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relation, Betty, cannot feel like her rich cousin. But I do--I do. I
know that he is a villain, but I love this marquis as much as you hate
him, or as much as you love Peter, because I can't help myself; it is my
luck, that's all. But I am not going to throw myself out of a window; I
would rather throw him out and square our reckoning, and that I swear
I'll do, in this way or the other, even if it should cost me what I
don't want to lose--my life," And Betty drew herself up beneath the
silver lamp with a look upon her handsome, determined face, which was so
like Margaret's and yet so different, that, could he have seen it, might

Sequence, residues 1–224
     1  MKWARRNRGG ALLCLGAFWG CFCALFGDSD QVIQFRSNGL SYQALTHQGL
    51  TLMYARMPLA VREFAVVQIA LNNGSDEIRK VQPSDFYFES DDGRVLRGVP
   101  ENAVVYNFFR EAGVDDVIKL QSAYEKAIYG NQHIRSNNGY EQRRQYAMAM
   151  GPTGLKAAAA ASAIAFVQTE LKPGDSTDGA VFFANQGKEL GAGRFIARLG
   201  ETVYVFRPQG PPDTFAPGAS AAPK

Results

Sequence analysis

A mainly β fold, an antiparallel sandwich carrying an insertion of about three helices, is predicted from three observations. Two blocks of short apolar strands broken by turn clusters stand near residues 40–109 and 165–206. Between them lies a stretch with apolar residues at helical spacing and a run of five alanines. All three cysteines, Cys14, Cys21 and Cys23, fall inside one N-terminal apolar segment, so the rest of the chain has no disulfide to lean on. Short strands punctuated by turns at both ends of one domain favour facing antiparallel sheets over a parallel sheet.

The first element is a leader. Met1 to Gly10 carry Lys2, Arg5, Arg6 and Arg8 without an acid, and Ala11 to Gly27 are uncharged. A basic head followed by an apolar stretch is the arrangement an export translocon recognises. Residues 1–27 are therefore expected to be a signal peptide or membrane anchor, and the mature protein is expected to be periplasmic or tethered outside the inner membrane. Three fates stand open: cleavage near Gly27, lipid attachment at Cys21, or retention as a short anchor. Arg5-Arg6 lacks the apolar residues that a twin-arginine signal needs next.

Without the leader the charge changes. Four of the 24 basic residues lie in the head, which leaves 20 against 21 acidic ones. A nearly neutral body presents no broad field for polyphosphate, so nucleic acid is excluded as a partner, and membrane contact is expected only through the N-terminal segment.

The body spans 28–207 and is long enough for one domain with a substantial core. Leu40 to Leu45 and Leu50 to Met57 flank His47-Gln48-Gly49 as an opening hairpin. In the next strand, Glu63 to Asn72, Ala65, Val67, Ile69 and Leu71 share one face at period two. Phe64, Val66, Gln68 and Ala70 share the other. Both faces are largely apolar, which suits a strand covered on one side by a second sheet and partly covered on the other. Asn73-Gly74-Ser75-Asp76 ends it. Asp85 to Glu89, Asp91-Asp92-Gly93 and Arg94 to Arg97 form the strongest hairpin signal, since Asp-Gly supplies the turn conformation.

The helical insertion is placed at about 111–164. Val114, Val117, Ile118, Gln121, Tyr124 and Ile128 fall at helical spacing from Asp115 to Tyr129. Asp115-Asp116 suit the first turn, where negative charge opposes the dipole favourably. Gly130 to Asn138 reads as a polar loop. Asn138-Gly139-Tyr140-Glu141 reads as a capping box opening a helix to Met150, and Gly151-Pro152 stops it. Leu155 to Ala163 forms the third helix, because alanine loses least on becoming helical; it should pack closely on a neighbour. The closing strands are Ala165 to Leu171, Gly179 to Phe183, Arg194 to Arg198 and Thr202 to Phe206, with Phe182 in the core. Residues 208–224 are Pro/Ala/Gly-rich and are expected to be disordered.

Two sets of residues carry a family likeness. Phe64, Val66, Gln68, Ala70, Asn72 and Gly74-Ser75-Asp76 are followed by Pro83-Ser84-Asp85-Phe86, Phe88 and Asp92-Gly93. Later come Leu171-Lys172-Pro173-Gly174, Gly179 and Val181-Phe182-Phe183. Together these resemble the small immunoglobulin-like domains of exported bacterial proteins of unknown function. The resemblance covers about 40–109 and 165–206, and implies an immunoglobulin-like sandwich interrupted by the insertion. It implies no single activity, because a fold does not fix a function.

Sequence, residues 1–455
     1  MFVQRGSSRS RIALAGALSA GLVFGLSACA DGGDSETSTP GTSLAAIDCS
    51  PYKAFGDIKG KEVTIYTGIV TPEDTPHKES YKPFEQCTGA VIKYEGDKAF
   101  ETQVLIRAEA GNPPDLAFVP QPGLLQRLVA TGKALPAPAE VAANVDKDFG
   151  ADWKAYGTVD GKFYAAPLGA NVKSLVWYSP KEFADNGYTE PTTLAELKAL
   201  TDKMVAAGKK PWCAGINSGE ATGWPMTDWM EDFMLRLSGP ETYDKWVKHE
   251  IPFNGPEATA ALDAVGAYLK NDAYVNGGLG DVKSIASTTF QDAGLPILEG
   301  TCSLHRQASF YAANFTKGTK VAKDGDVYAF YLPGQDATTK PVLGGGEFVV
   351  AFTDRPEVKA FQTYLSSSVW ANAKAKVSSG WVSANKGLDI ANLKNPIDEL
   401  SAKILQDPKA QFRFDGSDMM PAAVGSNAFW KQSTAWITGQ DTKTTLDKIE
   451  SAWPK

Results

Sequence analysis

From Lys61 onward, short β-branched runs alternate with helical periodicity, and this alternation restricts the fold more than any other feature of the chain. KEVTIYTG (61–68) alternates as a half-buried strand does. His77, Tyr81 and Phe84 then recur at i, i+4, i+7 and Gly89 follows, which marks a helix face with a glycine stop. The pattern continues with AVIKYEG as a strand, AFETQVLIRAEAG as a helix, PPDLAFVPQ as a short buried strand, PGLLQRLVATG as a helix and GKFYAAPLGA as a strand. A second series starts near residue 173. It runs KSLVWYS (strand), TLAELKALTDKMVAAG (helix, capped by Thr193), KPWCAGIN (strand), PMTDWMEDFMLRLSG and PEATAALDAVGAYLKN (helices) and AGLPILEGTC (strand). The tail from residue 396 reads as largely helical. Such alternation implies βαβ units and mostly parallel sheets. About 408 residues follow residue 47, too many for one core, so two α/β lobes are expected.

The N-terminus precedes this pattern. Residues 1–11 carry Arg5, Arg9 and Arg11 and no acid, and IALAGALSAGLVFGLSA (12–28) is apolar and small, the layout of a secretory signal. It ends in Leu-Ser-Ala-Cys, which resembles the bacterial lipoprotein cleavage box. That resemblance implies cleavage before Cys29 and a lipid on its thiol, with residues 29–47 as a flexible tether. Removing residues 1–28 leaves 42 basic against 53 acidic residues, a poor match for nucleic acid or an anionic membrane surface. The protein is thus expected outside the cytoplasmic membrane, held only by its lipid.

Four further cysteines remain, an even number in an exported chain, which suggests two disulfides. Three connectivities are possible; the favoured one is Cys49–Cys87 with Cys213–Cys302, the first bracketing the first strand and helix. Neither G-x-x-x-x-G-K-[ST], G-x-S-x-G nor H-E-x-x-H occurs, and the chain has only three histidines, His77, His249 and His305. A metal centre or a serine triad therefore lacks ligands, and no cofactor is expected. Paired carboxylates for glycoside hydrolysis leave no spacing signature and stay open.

well have made Morella regret that he had chosen this woman for a tool.
While Margaret studied her wonderingly she heard a sound, and glanced up
to see, standing before them, none other than the beautiful Spaniard, or
Moor, for she knew not which she was, Inez, that same woman whom, from
her hiding-place in the tower, she had watched with Peter in the garden.
"How did you come here?" she asked coldly.
"Through the door, Senora, that was left unlocked, which is not wise of
those who wish to talk privately in such a place as this," she answered
with a humble curtsey.
"The door is still unlocked," said Margaret, pointing towards it.
"Nay, Senora, you are mistaken; here is its key in my hand. I pray you
do not tell your lady to put me out, which, being so strong, she well
can do, for I have words to say to you, and if you are wise you will
listen to them."
Margaret thought a moment, then answered:
"Say on, and be brief."
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